Greater China markets were lower after the release of key data on Tuesday. Hong Kong's Hang Seng Index eased 0.66 percent by 3:16 p.m. HK/SIN, with technology and consumer goods stocks among the worst-performing sectors before the market close. Property developers and financials also traded lower.
Mainland China markets underperformed. The Shanghai composite lost 1.39 percent to close lower for the fourth straight session at 3,067.52 and the Shenzhen composite fell 2.2 percent to 1,784.56.
China's economy grew 6.8 percent in the first quarter of 2018, beating an estimate of 6.7 percent on year growth projected in a Reuters poll.
"China's economy entered 2018 with solid growth momentum ... But momentum slowed in March, compared to the first two months, pointing to slower growth ahead," Louis Kuijs, head of Asia economics at Oxford Economics, said in a note.
Apart from the steady growth figure, other data released Tuesday was mixed. March retail sales came in better than expected, while industrial output growth for the month and fixed asset investment in the first quarter missed estimates.
MSCI's broad index of shares in Asia Pacific excluding Japan was last lower by 0.34 percent.
Tentative moves in the region came despite U.S. stocks closing higher in the last session as investors shifted their attention from geopolitical tensions to strong corporate earnings releases.
Expectations for earnings season stateside are high, with first-quarter results projected to rise 18.6 percent compared to one year ago, according to Thomson Reuters I/B/E/S data.
Trade tensions also continued to simmer, having taken a backseat in recent sessions.
The U.S. Department of Commerce imposed a denial of export privileges against China's ZTE, a telecommunications equipment company. The ban stops U.S. companies from selling to ZTE for seven years, Reuters reported, and comes after the Chinese firm failed to adhere to an agreement with the U.S. government after it illegally shipped equipment to Iran and North Korea, U.S. officials said.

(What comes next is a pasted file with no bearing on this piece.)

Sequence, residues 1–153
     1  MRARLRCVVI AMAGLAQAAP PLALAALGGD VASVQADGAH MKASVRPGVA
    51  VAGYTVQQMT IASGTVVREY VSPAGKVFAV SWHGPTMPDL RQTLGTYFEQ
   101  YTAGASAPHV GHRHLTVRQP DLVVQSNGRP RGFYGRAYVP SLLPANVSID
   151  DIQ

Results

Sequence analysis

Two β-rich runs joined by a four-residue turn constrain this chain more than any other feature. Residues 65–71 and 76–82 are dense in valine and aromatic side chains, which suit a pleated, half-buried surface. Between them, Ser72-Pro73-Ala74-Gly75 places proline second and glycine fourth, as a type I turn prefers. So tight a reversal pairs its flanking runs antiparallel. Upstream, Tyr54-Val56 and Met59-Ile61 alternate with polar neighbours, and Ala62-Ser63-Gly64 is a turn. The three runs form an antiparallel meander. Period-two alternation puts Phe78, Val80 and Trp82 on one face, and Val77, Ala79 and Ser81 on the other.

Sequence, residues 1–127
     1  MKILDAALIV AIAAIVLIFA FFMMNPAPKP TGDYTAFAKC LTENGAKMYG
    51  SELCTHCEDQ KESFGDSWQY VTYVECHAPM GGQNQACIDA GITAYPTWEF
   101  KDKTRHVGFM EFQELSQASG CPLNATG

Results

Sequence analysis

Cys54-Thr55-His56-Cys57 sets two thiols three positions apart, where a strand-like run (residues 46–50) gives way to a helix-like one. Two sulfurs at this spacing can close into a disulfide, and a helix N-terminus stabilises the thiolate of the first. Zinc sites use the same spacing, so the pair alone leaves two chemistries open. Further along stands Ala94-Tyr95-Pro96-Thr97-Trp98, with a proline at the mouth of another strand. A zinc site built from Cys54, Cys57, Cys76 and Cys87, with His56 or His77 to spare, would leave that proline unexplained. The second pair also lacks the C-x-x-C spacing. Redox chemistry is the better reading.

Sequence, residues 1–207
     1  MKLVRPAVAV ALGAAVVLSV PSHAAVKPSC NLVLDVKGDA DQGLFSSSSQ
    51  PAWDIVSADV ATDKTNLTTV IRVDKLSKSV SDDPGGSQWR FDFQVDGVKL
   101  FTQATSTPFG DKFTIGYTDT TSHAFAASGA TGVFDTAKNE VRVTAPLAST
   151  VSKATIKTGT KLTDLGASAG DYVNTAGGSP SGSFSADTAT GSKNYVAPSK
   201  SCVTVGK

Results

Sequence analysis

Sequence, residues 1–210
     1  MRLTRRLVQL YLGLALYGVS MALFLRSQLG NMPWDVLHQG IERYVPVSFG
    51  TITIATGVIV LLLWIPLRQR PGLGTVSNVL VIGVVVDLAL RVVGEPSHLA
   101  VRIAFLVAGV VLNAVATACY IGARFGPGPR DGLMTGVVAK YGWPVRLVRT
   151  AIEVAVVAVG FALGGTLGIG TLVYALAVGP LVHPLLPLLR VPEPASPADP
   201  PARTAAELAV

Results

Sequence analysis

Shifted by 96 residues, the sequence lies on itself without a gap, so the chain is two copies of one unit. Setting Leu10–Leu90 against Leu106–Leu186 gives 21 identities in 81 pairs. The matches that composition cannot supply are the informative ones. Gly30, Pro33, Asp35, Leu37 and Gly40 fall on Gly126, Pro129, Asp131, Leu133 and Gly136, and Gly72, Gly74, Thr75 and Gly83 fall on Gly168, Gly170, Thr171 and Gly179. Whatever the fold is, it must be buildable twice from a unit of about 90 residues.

ZTE shares in Hong Kong and Shenzhen were halted from trade on Tuesday, pending an announcement.
In individual movers, Hyundai Motor closed up 2.94 percent. The advance came amid Reuters headlines that a unit of Elliott Management, which owns more than $1 billion in shares of Hyundai affiliates, was supportive of the automaker's reorganization plans.
Meanwhile, the dollar eased further against a basket of currencies after investor confidence firmed overnight, with the dollar index last at 89.296.
The greenback extended losses against the yen, trading at 106.92 at 3:07 p.m. HK/SIN, compared to levels above the 107.1 handle seen earlier in the session.
Of note, the pound rose as high as $1.4372 during the session, the currency's strongest levels since Brexit.
On the commodities front, oil prices were moderately higher after Monday's fall. U.S. West Texas Intermediate crude futures added 0.63 percent to trade at $66.64 per barrel and Brent crude futures edged up 0.48 percent to $71.77.
— CNBC's Huileng Tan contributed to this report.